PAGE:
ECSAS 2023 – Turin 26-29 July

Linguistic choices of a multilingual writer in the shadow of Partition and identity politics: The case of Kartar Singh Duggal and others.


Puri Maria - Independent scholar, New Delhi, India


32 – Dynamics of Language Diversity, Multilingual Identities and Linguistic Nationalism in South Asia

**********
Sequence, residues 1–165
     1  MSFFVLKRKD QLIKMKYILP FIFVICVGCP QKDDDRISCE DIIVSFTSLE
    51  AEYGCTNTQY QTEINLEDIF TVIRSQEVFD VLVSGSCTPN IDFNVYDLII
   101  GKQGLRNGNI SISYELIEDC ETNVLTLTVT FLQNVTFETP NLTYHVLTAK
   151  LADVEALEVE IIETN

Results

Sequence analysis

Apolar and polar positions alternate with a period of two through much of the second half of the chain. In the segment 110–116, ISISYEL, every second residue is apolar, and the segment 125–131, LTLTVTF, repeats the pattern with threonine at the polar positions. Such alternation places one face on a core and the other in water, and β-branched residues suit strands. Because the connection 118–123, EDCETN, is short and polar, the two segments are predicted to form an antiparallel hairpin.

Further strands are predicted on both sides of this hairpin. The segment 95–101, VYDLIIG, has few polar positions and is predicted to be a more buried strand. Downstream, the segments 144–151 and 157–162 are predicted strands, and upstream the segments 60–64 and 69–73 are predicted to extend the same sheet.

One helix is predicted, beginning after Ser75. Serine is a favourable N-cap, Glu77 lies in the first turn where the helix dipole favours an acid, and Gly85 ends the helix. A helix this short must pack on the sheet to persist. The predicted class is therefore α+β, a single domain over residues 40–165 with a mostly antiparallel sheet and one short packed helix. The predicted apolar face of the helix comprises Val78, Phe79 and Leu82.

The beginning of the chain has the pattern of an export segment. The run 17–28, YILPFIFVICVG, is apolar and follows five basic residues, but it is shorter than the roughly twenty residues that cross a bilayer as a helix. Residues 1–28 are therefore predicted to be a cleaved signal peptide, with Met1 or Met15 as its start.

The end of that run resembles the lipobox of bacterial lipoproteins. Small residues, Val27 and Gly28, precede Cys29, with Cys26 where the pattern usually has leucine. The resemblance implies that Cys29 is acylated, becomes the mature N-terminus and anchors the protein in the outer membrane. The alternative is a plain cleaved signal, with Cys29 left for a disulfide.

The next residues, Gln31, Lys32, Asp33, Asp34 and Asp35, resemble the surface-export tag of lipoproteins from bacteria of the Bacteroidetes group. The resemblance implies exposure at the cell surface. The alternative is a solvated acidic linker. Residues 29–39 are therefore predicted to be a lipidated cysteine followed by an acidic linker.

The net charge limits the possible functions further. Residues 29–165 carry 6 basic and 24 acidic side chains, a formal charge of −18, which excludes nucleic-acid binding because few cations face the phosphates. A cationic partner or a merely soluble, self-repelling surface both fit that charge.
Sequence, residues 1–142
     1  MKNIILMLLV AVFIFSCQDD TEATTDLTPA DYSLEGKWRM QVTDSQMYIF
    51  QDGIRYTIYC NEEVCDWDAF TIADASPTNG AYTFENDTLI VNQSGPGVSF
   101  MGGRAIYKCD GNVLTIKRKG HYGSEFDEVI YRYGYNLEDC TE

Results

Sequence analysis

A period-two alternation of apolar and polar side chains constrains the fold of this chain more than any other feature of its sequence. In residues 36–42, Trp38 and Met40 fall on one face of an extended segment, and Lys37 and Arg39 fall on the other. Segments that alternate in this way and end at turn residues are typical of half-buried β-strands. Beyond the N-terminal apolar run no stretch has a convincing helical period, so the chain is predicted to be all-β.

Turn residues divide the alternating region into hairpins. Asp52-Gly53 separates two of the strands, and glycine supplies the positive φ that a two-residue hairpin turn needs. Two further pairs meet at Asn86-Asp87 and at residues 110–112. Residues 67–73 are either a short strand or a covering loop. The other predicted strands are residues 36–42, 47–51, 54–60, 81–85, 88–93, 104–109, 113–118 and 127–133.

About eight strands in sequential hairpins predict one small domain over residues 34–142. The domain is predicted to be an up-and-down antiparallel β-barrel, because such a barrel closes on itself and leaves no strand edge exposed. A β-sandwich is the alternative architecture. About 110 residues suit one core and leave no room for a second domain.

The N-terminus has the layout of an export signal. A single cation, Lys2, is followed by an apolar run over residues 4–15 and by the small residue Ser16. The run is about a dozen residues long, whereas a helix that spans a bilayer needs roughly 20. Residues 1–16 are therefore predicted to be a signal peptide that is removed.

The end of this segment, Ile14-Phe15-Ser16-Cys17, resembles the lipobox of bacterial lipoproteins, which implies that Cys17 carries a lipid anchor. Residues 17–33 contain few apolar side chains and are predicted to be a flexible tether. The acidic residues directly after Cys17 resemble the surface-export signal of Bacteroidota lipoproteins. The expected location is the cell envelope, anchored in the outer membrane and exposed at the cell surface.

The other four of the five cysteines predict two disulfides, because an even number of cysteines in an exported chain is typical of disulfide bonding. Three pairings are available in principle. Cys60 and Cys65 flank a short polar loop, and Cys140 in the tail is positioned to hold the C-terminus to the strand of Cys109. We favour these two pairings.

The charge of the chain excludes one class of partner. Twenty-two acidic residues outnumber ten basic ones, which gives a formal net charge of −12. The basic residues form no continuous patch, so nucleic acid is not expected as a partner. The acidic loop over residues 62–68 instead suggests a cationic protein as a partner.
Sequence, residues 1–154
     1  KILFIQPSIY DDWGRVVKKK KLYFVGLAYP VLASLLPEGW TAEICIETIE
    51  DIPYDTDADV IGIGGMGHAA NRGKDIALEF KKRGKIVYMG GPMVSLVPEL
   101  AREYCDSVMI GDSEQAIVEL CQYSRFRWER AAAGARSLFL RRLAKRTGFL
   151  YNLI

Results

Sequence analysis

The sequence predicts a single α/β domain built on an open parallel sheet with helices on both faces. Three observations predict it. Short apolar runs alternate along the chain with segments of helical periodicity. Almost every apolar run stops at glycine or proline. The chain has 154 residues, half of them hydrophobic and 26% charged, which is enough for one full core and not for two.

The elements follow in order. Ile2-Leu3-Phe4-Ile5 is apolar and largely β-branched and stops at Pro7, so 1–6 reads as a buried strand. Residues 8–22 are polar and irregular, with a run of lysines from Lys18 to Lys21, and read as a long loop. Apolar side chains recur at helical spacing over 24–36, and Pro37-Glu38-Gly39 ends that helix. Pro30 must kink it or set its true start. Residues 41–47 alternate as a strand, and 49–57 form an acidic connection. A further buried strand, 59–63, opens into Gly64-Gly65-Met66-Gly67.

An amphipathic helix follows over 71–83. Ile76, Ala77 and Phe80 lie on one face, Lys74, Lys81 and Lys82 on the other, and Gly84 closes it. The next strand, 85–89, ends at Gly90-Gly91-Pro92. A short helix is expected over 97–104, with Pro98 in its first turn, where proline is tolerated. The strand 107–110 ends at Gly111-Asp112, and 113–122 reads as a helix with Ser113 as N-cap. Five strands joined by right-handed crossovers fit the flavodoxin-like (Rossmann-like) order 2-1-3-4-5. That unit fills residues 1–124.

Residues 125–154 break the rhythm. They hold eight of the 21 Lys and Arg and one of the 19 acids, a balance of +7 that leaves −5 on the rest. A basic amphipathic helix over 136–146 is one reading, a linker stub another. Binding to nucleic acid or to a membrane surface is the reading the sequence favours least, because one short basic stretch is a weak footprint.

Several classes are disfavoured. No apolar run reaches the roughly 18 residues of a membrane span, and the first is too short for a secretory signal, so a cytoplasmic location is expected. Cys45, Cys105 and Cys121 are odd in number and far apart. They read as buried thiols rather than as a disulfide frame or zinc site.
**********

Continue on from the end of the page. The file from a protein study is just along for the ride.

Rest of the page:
As stated by Arundhati Roy in her lecture, “What is the Morally Appropriate Language in Which to Think and Write?” (2018), linguistic choices of Indian writers reflect the linguistic realities on the ground. This paper takes as its starting point the pre-Partition Lahore, where Urdu, Punjabi, Hindi and English were used side by side in administration, education, reformist activities and literary production. Brief overview of linguistic preferences of some writers who debuted before 1947, all Punjabi speakers connected to Lahore, reveals a plethora of possible trajectories, making individual choices less obvious and thus more remarkable: English—Mulk Raj Anand (1905-2004), Khushwant Singh (1915-2014); Urdu—Krishan Chander (1914-1977), Rajinder Singh Bedi (1915-1984); Punjabi—Amrita Pritam (1919-2005), Kartar Singh Duggal (1917-2012), the last also writing in Urdu and English; Hindi—Upendranath Ashk (1910-1996), Bhisham Sahni (1915-2003). English prose of Mulk Raj Anand is thought to reflect Punjabi diction and sensibilities, Amrita Pritam is said to have at times translated her Punjabi texts into Hindi herself for wider circulation, and Krishna Sobti (1926-2019) wrote in Hindi but in an idiom drenched in Punjabi. Current paper proposes to look at the linguistic choices of Kartar Singh Duggal through the lens of his Partition novels and stories, while keeping in mind the Partition theme in the oeuvres of other writers mentioned above.